Dr. Newcomb: No, actually the same spirit of going “to the sources” has inspired our efforts for Upper School, where we are focused on providing students with greater historical context for the literature they read in seminar courses. Almost every part of the curriculum renewal process for Upper School aims at furnishing students with the tools they need to make an excellent showing for the senior capstone Thomistic Thesis project, the jewel in the HRA crown of achievement.

One part of that initiative is having students encounter Euclid by 9th Grade, or even earlier for advanced students—until recently we were primarily teaching Euclid in 11th Grade. Ensuring that students have Euclidean Geometry by 9th Grade or earlier gives us many options to support students seeking advanced study—the number and kind of classes in Mathematics remains unchanged—we have simply shifted their order.

Catholic School Playbook: As a Catholic school, what is the purpose of focusing on the sequencing of Mathematics classes? Does this process have implications for the rest of the high school curriculum?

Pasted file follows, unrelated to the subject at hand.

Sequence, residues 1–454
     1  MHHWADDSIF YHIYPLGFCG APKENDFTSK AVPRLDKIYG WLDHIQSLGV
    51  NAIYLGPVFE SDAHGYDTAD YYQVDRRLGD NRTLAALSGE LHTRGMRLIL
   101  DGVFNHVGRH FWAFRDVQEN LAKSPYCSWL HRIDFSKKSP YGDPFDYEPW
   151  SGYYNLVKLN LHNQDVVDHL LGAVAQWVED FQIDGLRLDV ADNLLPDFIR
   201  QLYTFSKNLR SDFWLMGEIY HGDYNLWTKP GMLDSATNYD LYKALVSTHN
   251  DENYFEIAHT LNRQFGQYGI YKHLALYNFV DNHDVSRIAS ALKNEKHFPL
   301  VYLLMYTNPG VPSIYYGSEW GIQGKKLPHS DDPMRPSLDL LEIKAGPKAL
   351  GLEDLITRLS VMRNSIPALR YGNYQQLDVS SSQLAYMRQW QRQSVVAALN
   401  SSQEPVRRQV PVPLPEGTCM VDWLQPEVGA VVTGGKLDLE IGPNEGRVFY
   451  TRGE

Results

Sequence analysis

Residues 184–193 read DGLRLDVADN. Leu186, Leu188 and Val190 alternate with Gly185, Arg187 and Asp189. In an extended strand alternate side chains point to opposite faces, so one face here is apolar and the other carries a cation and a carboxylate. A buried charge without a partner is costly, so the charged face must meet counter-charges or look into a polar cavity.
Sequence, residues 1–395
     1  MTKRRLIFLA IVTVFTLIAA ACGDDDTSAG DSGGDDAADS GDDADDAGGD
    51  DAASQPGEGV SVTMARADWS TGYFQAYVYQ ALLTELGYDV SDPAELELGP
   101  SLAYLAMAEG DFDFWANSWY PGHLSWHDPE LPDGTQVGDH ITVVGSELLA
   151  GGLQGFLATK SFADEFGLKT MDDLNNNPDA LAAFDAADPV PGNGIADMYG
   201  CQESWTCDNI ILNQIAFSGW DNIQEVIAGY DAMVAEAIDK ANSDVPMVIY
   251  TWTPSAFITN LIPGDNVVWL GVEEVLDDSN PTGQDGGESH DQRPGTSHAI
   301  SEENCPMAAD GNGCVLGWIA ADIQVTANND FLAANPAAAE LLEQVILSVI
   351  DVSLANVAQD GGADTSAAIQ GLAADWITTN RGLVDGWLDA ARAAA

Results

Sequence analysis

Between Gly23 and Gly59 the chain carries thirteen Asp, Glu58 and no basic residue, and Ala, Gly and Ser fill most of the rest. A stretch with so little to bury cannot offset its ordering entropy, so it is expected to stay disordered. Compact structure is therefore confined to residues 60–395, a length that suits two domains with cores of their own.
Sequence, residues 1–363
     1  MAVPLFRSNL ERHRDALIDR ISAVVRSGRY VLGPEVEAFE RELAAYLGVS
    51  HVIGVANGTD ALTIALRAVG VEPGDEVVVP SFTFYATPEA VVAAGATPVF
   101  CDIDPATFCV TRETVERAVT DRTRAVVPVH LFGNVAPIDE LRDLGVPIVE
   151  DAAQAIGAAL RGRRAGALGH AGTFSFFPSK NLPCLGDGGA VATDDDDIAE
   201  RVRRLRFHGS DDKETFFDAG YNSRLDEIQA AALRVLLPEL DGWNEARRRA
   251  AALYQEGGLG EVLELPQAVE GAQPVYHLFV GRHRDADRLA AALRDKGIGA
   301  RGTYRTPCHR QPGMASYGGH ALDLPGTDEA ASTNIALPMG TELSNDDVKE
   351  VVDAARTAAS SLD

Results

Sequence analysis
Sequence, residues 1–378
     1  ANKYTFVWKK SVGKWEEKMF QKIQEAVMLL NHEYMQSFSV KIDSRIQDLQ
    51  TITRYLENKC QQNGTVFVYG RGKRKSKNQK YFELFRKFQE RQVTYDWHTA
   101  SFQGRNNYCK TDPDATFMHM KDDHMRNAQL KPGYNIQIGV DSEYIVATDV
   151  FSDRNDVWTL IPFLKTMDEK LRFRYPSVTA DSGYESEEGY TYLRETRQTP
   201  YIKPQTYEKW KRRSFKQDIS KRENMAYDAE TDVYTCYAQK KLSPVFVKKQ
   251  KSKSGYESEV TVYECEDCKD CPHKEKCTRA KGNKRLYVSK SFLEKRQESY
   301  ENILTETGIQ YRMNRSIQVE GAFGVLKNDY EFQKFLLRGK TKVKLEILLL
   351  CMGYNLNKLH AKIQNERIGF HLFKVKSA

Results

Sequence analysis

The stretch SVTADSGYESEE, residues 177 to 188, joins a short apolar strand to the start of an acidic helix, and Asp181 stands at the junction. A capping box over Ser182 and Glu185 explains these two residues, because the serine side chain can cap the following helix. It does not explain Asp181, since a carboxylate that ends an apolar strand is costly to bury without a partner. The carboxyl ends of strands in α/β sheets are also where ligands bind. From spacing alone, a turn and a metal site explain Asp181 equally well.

Dr. Newcomb: Realigning our Mathematics sequence so that students take up Geometry earlier in their high school studies offers them several major advantages. Exploring the works of an ancient Greek Mathematician in 9th Grade or earlier, will deepen and reinforce their understanding of antiquity in Ancient Seminar that same year. This move will also help Holy Rosary Academy’s students make a stronger showing on the PSAT and SAT, since most American students have Geometry before their junior year of high school. Ninth-grade Geometry is also standard for a number of classical schools and academies, including Chesterton Academies, Great Hearts Schools, and the Hillsdale Classical Academy curriculum. Classical education is experiencing its own Renaissance across America, and since we attract teachers and families from other, similar institutions, it benefits them and us to have a structure that facilitates the integration of new faculty and students to our educational plan.